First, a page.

More on the Tour
Well here we are on the 1st of March and I know should be somewhere else on this amazing planet. Originally I was meant to start the MIDS Tour at the end of January, then the middle of February and now the plan is before the end of this month. The Christmas holidays, my marriage separation and other personal matters have kept me not only from finalising the tour arrangements but also to a lack of solid production for the project.
This project is not the sole reason why I have decided to travel (see here for personal reasons) and it would be hard to justify it if it was. It is really unlikely that I would be able to get thorough ground based research in the short period I intend to stay in each country but it will hopefully allow me to access the research and writing done so far, to observe the current social environment and to inform decisions about the countries that would provide interesting material for the first of the documentary series when we get that far.
The longer I stay here, the more I lose from the tour budget and so some places may not be visited at all, unless some form of income is forthcoming either from short term work or from the project itself. So far, the Pacific Islands and the more expensive countries such as the Seychelles are the main casualties. On the other hand I intent to ‘pass through’ some other countries that are not on the tour list but hopefully will make for some interesting blog posts. For example, I intend to start the tour in Australia where, for example, a recent press article ‘Everyday Australians make multiculturalism work’ seems to go against what many people think about Australian racial relations. Obviously I intend to blog on other aspects of the countries I visit.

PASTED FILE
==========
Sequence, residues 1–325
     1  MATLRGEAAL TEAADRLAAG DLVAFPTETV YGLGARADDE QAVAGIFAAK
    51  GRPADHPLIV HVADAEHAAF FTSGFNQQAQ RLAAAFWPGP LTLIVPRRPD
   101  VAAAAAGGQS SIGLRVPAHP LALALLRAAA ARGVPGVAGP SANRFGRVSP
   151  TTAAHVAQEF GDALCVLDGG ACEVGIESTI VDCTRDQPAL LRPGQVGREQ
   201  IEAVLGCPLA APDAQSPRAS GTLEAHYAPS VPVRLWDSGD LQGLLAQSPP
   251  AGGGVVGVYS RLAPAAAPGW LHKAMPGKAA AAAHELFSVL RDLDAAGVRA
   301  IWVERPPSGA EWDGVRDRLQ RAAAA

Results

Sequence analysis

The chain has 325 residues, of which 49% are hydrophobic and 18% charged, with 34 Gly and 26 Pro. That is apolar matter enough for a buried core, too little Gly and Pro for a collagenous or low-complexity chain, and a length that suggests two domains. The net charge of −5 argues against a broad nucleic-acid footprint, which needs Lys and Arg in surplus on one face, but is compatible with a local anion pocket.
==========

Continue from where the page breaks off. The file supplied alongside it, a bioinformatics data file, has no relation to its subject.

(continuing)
There will be no expensive hotels and plush food for me – travel arrangements are not quite backpacking, I’m too old for that – but more like ‘vagabonding’. I have had some `couch warming` offers from friends and family (who seem to have managed to stretch themselves all over the planet) and I hope to find many more friends through the project who even if they don’t offer accommodation or food, will help me find cheap, clean and safe places and maybe a tour or two J.
Once I start travelling, I will be leaving behind all the distractions that keep me from writing and exploring this wonderful aspect of the human experience and I have high hope that not only will I learn so much myself but that so will all my readers.
MIDS 6 Month Review
Today is my birthday and just over a year and a month ago I handed in my 6 months’ notice to resign and it is over 6 months since I released ‘Mixed In Different Shades’ on an unsuspecting world. Now would be a good time to stop and review the situation. I must admit I expected to be in a better position with the project than I am now.
I set a target of 15,000 fans on which I will approach an established publisher as proof of an adequate market for works such as this and I was hoping to be generating a little income to contribute to at least living expenses on the ‘tour’. So far I have achieved over 3,600 fans gained mostly by pay per click advertising and have achieved next to zero income.
However despite the disappointment, the tour will go ahead since the project is not the only reason why I want to travel. The continued project’s growth and my deep fascination with the subject matter mean that I will continue to run Mixed In Different Shades and will continue to try and grow the fan base, the website traffic and the income stream. I will aim to review the situation again in 3 months.
I thank all who have so far encouraged and supported the project and look forward to the next three months with much hope.